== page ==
A quick drive west of Colorado Springs and you will end up in the Rocky Mountains at the Florissant Fossil Beds National Monument. The main attraction at this national monument is seeing the remains of the vast Colorado petrified forest.
You can see the stumps of petrified giant sequoia trees and numerous other fossils to be seen in the preserve. There are a couple of hiking trails here that will take you around the major highlights of the Florissant National Monument.
This is a smaller national park site in Colorado but it is a perfect stop for anyone who loves ecological history, or just wants to see some really cool things!
As the name of this national monument implies, the Fossil Beds National Monument has one of the most diverse fossil deposits in the world. It’s easy to walk in and see the fossilized redwoods for yourself. These stumps are impressively large, going up to 14 feet across.
In this area, there have also been found fossils of plants and insects that go back to the late Eocene period, 33.7 to 54.8 million years ago. You can see a lot of the fossils inside the Visitor Center.
The Visitor Center is where you should begin your trip at Florissant National Monument. Inside, you can watch an 18-minute film entitled “Shadows of the Past” and learn about this part of Colorado.
After, you can walk through the exhibits and see some of the fossils and stumps that have been excavated from the park. This is the only spot in the park where you can see the very fragile fossils of leaves and insects.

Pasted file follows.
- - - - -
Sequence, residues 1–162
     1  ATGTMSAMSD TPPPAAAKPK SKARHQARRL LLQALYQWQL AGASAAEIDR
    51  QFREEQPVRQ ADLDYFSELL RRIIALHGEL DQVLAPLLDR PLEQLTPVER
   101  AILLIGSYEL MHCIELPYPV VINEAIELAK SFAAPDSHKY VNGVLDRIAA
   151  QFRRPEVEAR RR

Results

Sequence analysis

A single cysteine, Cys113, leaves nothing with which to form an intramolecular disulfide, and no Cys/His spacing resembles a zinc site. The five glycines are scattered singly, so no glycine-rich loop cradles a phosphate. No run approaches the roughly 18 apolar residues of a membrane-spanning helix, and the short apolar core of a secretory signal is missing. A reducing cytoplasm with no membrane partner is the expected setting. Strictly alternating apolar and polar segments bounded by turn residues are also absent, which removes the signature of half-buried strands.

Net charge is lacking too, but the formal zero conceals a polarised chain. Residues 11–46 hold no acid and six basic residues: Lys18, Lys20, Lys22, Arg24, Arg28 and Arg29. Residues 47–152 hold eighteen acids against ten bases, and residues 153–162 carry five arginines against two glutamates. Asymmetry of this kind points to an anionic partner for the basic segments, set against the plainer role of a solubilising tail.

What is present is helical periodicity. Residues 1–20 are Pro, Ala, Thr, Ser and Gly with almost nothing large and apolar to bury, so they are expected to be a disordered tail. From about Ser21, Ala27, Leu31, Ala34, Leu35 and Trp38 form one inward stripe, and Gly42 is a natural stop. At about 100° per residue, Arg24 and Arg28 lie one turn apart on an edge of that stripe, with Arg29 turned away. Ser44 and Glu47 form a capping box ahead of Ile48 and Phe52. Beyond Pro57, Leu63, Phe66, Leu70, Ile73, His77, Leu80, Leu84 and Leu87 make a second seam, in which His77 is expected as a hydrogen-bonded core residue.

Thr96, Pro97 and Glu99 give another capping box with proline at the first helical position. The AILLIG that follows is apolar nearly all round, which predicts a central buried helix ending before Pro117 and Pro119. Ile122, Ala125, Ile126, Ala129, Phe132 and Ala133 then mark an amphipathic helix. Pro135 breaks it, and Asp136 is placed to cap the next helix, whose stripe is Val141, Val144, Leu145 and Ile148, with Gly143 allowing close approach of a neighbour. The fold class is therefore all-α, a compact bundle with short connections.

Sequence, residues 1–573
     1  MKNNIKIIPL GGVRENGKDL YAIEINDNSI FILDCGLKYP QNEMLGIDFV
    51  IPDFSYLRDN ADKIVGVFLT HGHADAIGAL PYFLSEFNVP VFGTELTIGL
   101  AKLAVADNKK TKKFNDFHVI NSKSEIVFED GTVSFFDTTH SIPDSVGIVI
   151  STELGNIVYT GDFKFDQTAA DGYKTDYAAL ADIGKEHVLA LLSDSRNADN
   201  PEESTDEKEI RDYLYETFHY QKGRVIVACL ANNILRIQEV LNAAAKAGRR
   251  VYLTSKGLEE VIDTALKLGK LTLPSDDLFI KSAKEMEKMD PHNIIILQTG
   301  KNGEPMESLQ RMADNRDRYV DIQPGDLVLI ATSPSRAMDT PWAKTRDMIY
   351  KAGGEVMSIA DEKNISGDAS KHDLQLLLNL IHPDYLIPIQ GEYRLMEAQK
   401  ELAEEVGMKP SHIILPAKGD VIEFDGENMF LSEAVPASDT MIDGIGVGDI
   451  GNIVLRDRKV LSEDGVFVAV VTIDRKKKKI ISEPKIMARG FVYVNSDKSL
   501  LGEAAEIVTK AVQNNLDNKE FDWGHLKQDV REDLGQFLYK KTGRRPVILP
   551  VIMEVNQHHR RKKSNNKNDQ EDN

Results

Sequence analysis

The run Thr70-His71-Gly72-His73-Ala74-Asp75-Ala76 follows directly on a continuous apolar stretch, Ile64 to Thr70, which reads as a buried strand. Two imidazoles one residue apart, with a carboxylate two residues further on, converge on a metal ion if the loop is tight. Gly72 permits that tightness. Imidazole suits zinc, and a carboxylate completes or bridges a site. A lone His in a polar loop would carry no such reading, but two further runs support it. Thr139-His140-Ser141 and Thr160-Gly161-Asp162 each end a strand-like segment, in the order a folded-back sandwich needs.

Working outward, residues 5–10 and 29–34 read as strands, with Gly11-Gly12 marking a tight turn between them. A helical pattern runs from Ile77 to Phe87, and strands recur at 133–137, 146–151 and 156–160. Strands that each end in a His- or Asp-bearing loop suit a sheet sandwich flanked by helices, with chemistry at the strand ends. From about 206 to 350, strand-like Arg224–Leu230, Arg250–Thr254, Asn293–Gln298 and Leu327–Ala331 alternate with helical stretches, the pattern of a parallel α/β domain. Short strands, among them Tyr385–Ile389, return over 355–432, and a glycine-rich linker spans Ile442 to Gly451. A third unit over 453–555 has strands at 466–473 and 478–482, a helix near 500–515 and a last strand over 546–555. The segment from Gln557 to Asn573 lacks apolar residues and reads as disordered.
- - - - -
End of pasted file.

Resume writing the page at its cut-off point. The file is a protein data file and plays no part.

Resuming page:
In the summer, there is a yurt outside in the picnic area where park rangers set up a lab and show guests how they find these smaller fossils in the park. There are stations that are hands-on so you can practice how to find your own fossils as you walk through the hiking trails. And you can check out the gift shop before you head out to get small trinkets and books on the area.
In order to get to the Florissant Fossil Beds National Monument, you will drive through Florissant, a very tiny town that is mostly shops, two restaurants, and a couple of houses. On the side of the road, you will pass the Hornbek Homestead.
The old Hornbek Homestead is is a cluster of old wooden structures in the middle of a grassy valley. A beautiful but certainly lonely location, this homestead was owned by Adeline Hornbek starting in 1877. She moved out west from Massachusetts and ended up raising her four children here. She owned 160 acres of what was unsettled and very fertile lands near Florissant.
The main building was built in 1877 and built other buildings on the land as more was needed to support her crops and ranch. She lived here until her death in 1905.
Besides the main building that was her house, the other buildings were brought to this location from other historic sites in this part of Colorado. Inside her home, you can see pictures, a bed, and a table that were all from her life. However, most of the time you cannot go inside the homestead – only on special days when it is opened by National Park Service.
This national monument is not an overly crowded park and many people do not spend a significant amount of time here. Which makes it a great spot if you want to go hiking without bumping into too many people.